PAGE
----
Court considers when website falls within UK court’s jurisdiction

United Kingdom
In Yell Limited v Giboin ([2011] EWPCC 9, April 4 2011), the Patents County Court has considered when a website falls within a UK court’s jurisdiction for the purposes of trademark infringement and passing off.
Yell Limited, the company behind the famous Yellow Pages directories, brought proceedings in the UK Patents County Court against a Mr Giboin and two related corporate entities (described as his ‘corporate alter ago’) for acts of passing off and trademark infringement in relation to Yell’s well-known word mark YELLOW PAGES and the ‘walking fingers’ device mark.
Yell's directories are available in paper form, online via the website at '' and as a telephone directory service. The defendants operated websites (including '') through which they ran a database and directory of transport business and services, and used both of Yell's marks.
Yell argued that the defendants’ use of its marks infringed Sections 10(1), 10(2), and 10(3) of the Trademarks Act 1994 (and equivalent provisions of the EU Trademarks Directive (2008/95/EC)). Further, Yell argued that the defendants’ websites were passing off by virtue of using the marks.
The defendants did not deny the nature of the activities conducted on their websites or that they had used Yell's marks. Their principal counterargument was that the websites were outside the court’s jurisdiction, since they were not UK-based. In particular, they relied on the following factors:
  • the domain names had '.eu' and '.com' extensions (instead of '');
  • they operated and conducted transactions abroad;    
  • the money for the services offered on either website was paid to an entity abroad;
  • the websites, the database and directory had been created abroad; and
  • the registrants were foreign entities.
The court reviewed the relevant case law on whether the use of a trademark on the internet constitutes use of that mark in the United Kingdom, and concluded that the websites were directed to the United Kingdom. It relied in particular on Kitchin J’s dictum in Dearlove v Combs ([2007] EWHC 375 (Ch)), whereby the "fundamental question is whether or not the average consumer of the goods or services in issue within the United Kingdom would regard the advertisement and site as being aimed and directed at him" - or, in the Patents County Court’s words, "what matters is how the site looks and functions when someone in the United Kingdom interacts with it".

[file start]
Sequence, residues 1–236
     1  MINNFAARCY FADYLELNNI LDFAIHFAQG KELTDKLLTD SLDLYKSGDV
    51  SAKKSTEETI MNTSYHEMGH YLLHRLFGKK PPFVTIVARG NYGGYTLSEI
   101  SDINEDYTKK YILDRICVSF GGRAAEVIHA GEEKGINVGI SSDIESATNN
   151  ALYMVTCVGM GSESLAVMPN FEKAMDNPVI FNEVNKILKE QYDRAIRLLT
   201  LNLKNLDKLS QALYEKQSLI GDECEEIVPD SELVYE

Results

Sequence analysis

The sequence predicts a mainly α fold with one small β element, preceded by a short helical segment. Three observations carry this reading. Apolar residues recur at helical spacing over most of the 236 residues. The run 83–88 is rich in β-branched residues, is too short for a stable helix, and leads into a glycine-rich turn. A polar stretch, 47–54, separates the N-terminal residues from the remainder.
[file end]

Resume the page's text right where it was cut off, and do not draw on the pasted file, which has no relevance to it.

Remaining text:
Referring to an analogy adopted in an earlier case, one should look at internet browsing more as "the user focusing a super-telescope into the site concerned" (Euromarket Designs Inc v Peters ([2001] FSR 20, at 25)). Once the average consumers have focused their telescope into the site, are there any indicators that would make them think that the site was directed at them?
On the facts, the court found the following indicators, among others:

  • the websites included a representation of the Union Jack;
  • the default search country was the United Kingdom;
  • the directory service was, to a material extent, a UK directory service;
  • the online services could be bought from the United Kingdom (which was held to be more significant than the fact that the related payments were made to an entity abroad);
  • the businesses advertised on the websites were offering services linked to the United Kingdom; and
  • the websites used Yell's marks, which are very familiar to UK-based customers.
For the same reasons, the court concluded that, for the purposes of passing off, the misrepresentation made by the defendants was directed to members of the public in the United Kingdom, who would associate the sites with Yell. The court found the defendants liable both for trademark infringement (under Sections 10(2) and 10(3)) and for passing off.
Interestingly, the defendants also argued that Yell's marks were not distinctive, as they are used extensively everywhere in the world. They referred to a US judgment, BellSouth Corporation v DataNational Corporation (60 F3d 1565), where it was held that AT&T’s ‘walking fingers’ device had become generic through common usage in the United States. The court rejected the defendants’ argument on the basis that "just because a term is generic in one territory does not mean that, by definition, it is generic in another". The onus was on the defendants to show that the distinctiveness of the marks in the public's mind in the United Kingdom had been eroded, and they failed to do so.
Cam Gatta, D Young & Co LLP, London

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